Reflecting On An American Master

This article is from the archive of The New York Sun before the launch of its new website in 2022. The Sun has neither altered nor updated such articles but will seek to correct any errors, mis-categorizations or other problems introduced during transfer.

The New York Sun

‘I’m kind of lost for words because I can’t think too strate.”This inscription — inside Judy Jane Setterstrom’s copy of the Hibbing High School yearbook — is the first item in Bob Dylan’s own voice that the viewer encounters in “Bob Dylan’s American Journey: 1956–1966,”a new exhibition at the Morgan Library & Museum. It could be a lyric from a Dylan song — the false inarticulateness, the roll of the rhythm, the beat-style affect of the misspelling — especially because it’s followed by a long tumble of words that fills most of the page before concluding with Bobby Zimmerman’s crabbed signature.

The Bob Dylan creation myth is familiar by now, and “American Journey” has a tough job following both Dylan’s own riveting, impressionistic “Chronicles, Volume One” memoir and Martin Scorsese’s masterful documentary “No Direction Home.” The later covered territory virtually identical to this collection — Dylan’s early life, from his high school years in the mining town of Hibbing to the stillmysterious motorcycle accident outside of Woodstock that finally slowed down his runaway carnival ride to the pulsing center of global youth culture. “American Journey” — which was organized by Seattle’s Experience Music Project, where it opened in late 2004 — can’t match those two sources for immediacy. Instead, it offers a chance for reflection and the opportunity to draw your own conclusions.

The exhibit doesn’t challenge the outlines of the story as laid down by those accounts. Dylan is described as “a small-town boy with a wandering soul,” a product of his times, but beholden to no one. Through photographs, lyric sheets, and various memorabilia, “American Journey” illustrates the context of Dylan’s rise to glory — the folk revival, the civil rights movement, the Beatles.


And of course, all of these elements went into the formation of the folkrock-country-blues-punk-poet who changed everything about popular music — and who, we see here, was writing such rhymes as, “There is a boy in school/Who don’t live by no rule,” at the age of 15, in the heart of the Eisenhower era.The speed of the transformation is astonishing; a mere four years separates the chubby-cheeked rookie in a tiny Village folk club from the avatar of cool, Fender Stratocaster in hand, preparing for battle in stadiums around the world.

In the end, though, something remains elusive in each piece of Dylan’s multimedia attempts to secure his legacy while he’s still around to do it. No matter how hard he tries to convince us otherwise, he was more than just a lucky accident of timing, more than the sum of his influences. As singer Liam Clancy put it in “No Direction Home,” everyone was thinking the same things as Dylan at the time, but the Hibbing High alum was the only one to come out and say them.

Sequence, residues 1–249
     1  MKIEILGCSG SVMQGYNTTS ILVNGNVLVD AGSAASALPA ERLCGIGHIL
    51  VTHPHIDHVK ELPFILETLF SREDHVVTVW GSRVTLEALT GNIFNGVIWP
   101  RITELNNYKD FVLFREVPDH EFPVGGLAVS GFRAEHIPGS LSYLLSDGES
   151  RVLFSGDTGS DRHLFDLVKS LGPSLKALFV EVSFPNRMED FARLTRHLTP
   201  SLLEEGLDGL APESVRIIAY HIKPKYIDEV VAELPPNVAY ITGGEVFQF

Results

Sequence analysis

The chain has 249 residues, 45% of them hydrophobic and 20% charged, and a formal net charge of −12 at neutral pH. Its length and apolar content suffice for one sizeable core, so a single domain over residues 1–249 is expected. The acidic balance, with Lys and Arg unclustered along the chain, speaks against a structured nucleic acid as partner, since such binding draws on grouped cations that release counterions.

Predictably, “American Journey” is most compelling when Dylan’s music occupies the spotlight. A listening station plays excerpts from his 1961 New York City concert debut at a nearempty Carnegie Recital Hall, which has never been released or broadcast; he sounds shockingly confident, even cocky. Other booths allow visitors to explore all of his albums of this period, juxtaposed with outtakes, songs he used for source material, and cover versions by other artists. Rare performance footage from the seldomscreened documentary “Eat the Document” is stunning — and extra credit for the wall card stating that the singer’s own edit of this material “reveal(s) Dylan to be a filmmaker in step with (if not in a league with) great 1960s auteurs like Jean-Luc Godard and Federico Fellini.”


Many of the artifacts — the tambourine that allegedly inspired “Mr. Tambourine Man,” the original 35 mm reel of D.A. Pennebaker’s documentary “Don’t Look Back” — are appropriate, but of limited interest.There is surprising information, though, in the numerous original manuscripts of Dylan’s lyrics, many of them part of the Morgan’s own collection. The earlier songs, such as “Blowin’ in the Wind,” are neatly written, with precise modifications. The final lyrics included — a sheet with lines from three songs on “Blonde on Blonde” — have words typed, scrawled, written upside-down and sideways. Dylan’s frazzled energy is palpable, and it’s clear why this earth-shattering pace couldn’t be sustained much longer.

Until January 6 (225 Madison Ave., between 36th and 37th streets 212-685-0008).

The New York Sun

© 2023 The New York Sun Company, LLC. All rights reserved.

Use of this site constitutes acceptance of our Terms of Use and Privacy Policy. The material on this site is protected by copyright law and may not be reproduced, distributed, transmitted, cached or otherwise used.

The New York Sun

Sign in or  Create a free account

By continuing you agree to our Privacy Policy and Terms of Use